However, he is confident about eventually righting a sinking ship.
The SJSU men haven't had a winning record since 1993-94. Nessman, a Cal assistant coach last year, became a head coach for the first time at an NCAA institution with his spring appointment at San José State.
He has served as head coach three times previously, at De La Salle High School in Concord and at Porterville and Bakersfield community colleges, producing nine first-place conference finishes in 17 years.
The 45 year-old Cal graduate laid out his plans and aspirations for the SJSU men's program in a question-and-answer interview with Washington Square.
Washington Square: How different is it taking over a struggling program than an established program at, say, North Carolina or Kansas?
George Nessman: In some ways, it's more of a fun thing because you get to put your own stamp on something.
At Kansas, they wouldn't want a stamp on it; they'd say to continue the tradition of Jayhawk basketball. Another unique challenge in coaching is you have to change the culture to change the program, and we get to do that here.
But we're not aspiring to be among the consistent Final Four teams, who have NBA-level talent and the resources.
WSQ: Can you define the stamp you're talking about?
GN: The values you bring to a program, a style of play, an identity for the program. Certain programs like Michigan State have an identity. You know it's going to be a physical battle every time you play them.
We want to have an identity. I like players who are tough, who aren't afraid to play physical basketball. I don't care what their size is. We're not going to get Shaquille O'Neal here, but we can be successful in the WAC with those kinds of players.
WSQ: What are those values you're planning to instill?
GN: Number one, that we're concerned about the team. One of our players said, "Coach, we have a couple of guys whose attitudes aren't what they should be." I said, "No, we don't. Anybody with a bad attitude isn't going to play."We're not going to put talent over attitude, particularly when you're building a program.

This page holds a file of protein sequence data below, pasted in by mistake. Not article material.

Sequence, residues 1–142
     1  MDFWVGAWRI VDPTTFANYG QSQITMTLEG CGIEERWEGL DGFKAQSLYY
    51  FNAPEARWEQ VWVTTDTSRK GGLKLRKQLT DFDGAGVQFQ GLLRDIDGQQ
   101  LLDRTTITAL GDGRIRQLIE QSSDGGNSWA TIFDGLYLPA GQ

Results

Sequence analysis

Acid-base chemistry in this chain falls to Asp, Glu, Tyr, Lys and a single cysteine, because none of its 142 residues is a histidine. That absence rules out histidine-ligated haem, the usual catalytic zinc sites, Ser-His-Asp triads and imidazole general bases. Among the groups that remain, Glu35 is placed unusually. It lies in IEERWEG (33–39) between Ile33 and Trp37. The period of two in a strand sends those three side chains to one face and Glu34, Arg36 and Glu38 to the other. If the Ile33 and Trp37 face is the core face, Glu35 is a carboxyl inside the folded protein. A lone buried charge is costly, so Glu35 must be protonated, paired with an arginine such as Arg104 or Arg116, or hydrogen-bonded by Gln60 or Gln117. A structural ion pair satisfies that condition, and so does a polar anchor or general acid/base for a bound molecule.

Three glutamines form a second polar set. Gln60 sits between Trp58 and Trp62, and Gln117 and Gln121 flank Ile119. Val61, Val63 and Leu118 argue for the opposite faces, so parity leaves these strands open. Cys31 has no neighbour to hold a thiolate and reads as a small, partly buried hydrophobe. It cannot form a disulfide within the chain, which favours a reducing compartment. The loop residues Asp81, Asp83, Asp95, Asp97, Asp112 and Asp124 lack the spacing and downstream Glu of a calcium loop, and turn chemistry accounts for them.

Number two, I want to be as clear as I possibly can in my communication with the guys. We don't play mind games, we don't trick them, we don't leave them to their own interpretation of things. It's hard to coach players you can't communicate with.
WSQ: Did you major in psychology in Berkeley? Because it sounds like you intend to make serious changes in the mindset of the team.
GN: I majored in social work. The first hurdle is to get people to quit referring to us as down. That's a reminder to the players that they struggled. I'm not going to say we have a five-year plan; what does that tell the kids?
WSQ: You're not looking for a quick fix either, right?
GN: I would look at it more like a process, getting to a certain point. The guys have to understand there are new expectations, different demands from our coaching staff, things we expect them to do that will create a good atmosphere that will produce good results.
I want to give these kids some hope, that next year we're going to be a respectable college basketball team.
WSQ: Is there one style of basketball that works best to facilitate a program turnaround?
GN: Generally, you need to be fundamentally sound. That needs to be a major emphasis. We're also going to play really hard, which is a key ingredient.
And we're going to play fast. Players like to play fast. We may not have the personnel "We're going to play fast. Players like to play fast. We may not have the personnel to play fast, but we're going to anyway.
Then we'll recruit to get the players we need to play that way.
WSQ: How important to you is the concept of student-athletes?
GN: I'd like all my players to graduate. How many guys can make a career out of basketball? It's a limited field. So my deal is that you come to college to get your degree. Seeing your players move on to good things is really important to us.
WSQ: What's the best piece of coaching advice you've received?
GN: It was Dan Shaughnessy, then the football coach at Salesian High School. I was 22 years old, a week out of Cal, teaching summer school at Salesian. He told me, "When you work with kids, you have to understand that you can't force anybody to change.
You can create a situation where people want to change, but you can't force them. You can't change the spots on a leopard."I've used that as a teacher and a coach to help people see if they're going to make changes, they need to see that it's valuable to them.
Dave Newhouse, '64.